Net Neutrality Provides Non-Discriminatory Access
Under Title II of the Communications Act (see Communications Act of 1934: as amended by Telecom Act of 1996; it's a PDF file), non-discrimination governs the basic transmission and access of any content on the Internet. Basically, this means that every Web site and every Web searcher is treated the same, which is the core concept behind net neutrality.
Innovation and Creativity are the Heart of Net Neutrality
The Internet has grown at a phenomenal pace since its beginnings in the early 1990's, and this growth is largely in part due to the protections and freedoms that net neutrality affords. Groundbreaking ideas and innovative products such as Google, eBay, YouTube, and torrents have gotten to where they are today because of net neutrality, and there are literally thousands of new start-ups, online stores, and simple ecommerce sites that start every day with the same chance to make it big.
Net neutrality encourages creative expression. For example, a mom talking about her kids has the exact same opportunities to be heard online as the millionaire giving a talk to his stockholders via podcast. Without net neutrality, this opportunity would be limited at best, and completely throttled at worst.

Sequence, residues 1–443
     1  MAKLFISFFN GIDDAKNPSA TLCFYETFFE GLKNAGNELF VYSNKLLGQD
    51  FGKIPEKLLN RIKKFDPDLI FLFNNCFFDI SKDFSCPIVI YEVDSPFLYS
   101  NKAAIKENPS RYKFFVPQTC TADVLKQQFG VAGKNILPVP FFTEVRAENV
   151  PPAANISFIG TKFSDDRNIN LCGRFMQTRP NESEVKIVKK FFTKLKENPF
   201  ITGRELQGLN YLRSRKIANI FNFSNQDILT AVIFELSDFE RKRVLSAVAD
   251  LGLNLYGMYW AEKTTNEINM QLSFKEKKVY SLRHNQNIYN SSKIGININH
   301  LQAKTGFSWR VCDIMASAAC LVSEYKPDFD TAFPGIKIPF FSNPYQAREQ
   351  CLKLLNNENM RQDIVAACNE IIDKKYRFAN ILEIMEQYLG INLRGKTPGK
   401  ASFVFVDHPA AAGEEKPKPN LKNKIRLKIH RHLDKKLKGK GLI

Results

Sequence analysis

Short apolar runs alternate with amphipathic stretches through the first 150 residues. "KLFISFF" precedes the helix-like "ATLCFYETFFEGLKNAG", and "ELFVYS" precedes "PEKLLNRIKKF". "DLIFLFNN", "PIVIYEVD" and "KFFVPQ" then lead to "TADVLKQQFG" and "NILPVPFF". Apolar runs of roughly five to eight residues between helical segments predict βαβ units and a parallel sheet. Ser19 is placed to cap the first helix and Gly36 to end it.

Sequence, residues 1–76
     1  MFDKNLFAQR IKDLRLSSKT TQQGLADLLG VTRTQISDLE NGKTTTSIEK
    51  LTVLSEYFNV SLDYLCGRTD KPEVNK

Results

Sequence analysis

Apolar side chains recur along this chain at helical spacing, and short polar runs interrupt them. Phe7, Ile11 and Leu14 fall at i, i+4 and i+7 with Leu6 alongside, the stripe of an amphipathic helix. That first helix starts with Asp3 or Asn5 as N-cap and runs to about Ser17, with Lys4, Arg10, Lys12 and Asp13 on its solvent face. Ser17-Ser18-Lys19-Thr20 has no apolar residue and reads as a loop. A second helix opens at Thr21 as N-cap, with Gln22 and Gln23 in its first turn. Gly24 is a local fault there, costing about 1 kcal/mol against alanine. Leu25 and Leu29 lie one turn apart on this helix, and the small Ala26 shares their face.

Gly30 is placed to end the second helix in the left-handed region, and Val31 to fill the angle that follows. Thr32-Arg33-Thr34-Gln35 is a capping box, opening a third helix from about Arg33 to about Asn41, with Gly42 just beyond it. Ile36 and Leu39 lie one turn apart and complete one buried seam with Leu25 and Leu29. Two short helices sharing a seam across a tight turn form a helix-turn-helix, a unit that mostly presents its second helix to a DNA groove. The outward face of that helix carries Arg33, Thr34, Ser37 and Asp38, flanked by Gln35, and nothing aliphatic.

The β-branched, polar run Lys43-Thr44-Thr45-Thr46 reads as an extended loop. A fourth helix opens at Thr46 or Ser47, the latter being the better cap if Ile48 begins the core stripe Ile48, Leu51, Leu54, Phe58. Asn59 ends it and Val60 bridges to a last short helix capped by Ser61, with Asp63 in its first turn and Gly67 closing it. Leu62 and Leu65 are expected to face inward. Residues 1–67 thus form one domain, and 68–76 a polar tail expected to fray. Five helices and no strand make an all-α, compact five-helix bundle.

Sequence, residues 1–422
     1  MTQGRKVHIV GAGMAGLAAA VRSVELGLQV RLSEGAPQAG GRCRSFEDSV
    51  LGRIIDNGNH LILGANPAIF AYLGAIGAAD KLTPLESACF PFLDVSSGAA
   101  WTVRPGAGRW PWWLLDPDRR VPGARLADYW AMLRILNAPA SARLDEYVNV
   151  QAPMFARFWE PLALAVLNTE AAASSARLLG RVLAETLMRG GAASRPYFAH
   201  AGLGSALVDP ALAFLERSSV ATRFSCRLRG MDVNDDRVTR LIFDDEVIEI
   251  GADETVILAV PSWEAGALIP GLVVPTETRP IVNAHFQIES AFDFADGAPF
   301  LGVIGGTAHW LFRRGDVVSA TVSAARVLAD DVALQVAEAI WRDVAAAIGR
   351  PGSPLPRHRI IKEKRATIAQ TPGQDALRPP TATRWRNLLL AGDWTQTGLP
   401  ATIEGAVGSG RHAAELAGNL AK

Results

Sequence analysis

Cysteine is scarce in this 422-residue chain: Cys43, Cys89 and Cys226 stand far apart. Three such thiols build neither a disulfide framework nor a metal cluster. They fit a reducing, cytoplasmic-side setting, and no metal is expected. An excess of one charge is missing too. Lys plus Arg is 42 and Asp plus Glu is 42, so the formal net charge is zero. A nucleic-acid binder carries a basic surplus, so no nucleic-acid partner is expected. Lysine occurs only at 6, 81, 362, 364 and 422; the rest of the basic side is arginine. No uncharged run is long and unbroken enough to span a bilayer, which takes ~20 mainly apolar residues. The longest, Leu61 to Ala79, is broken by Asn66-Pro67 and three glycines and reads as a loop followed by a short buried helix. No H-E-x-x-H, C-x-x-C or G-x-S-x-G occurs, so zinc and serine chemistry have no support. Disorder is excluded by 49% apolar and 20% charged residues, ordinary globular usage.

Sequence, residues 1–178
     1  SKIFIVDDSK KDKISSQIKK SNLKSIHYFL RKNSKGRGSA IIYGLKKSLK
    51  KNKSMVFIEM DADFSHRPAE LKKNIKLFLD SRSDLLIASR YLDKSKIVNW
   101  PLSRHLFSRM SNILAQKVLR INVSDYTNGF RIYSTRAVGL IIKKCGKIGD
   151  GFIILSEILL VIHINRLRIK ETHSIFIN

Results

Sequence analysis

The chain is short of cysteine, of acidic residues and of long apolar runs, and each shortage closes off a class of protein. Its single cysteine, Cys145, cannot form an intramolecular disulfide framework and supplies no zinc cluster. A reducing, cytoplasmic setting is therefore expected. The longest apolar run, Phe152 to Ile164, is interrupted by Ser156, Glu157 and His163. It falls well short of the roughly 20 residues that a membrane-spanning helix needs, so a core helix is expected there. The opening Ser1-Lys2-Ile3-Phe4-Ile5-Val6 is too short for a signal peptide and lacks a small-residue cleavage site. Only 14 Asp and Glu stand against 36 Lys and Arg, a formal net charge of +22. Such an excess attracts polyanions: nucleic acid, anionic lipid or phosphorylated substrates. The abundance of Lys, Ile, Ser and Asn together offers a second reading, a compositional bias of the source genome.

Net Neutrality Provides a Competitive Marketplace
Most people in the United States have access to only one, perhaps two ISPs (Internet Service Providers) in their local area. If net neutrality were to be revoked, these ISPs would have the authority to regulate Internet access, and since the consumer would most likely be unable to choose a different service provider, that access would be defined according to their discrimination.
Tiered Access Could Make For A Better Internet
Cable providers who invest in their networks are against net neutrality, since they believe tiered access - paying for different levels of Internet service - could pay for more sophisticated infrastructure, which would benefit all the users of that network. Their argument postulates that large companies could afford to pay higher fees for Internet access, which would in turn finance network improvements, which would eventually trickle down to the average Web user.
Do We Really Need More Legislation?
Net neutrality legislation could do more harm than good, especially since Internet technology changes so quickly. Inadequate laws could actually hinder commonplace safety practices unless specifically excluded, and provide loopholes for unethical exploits.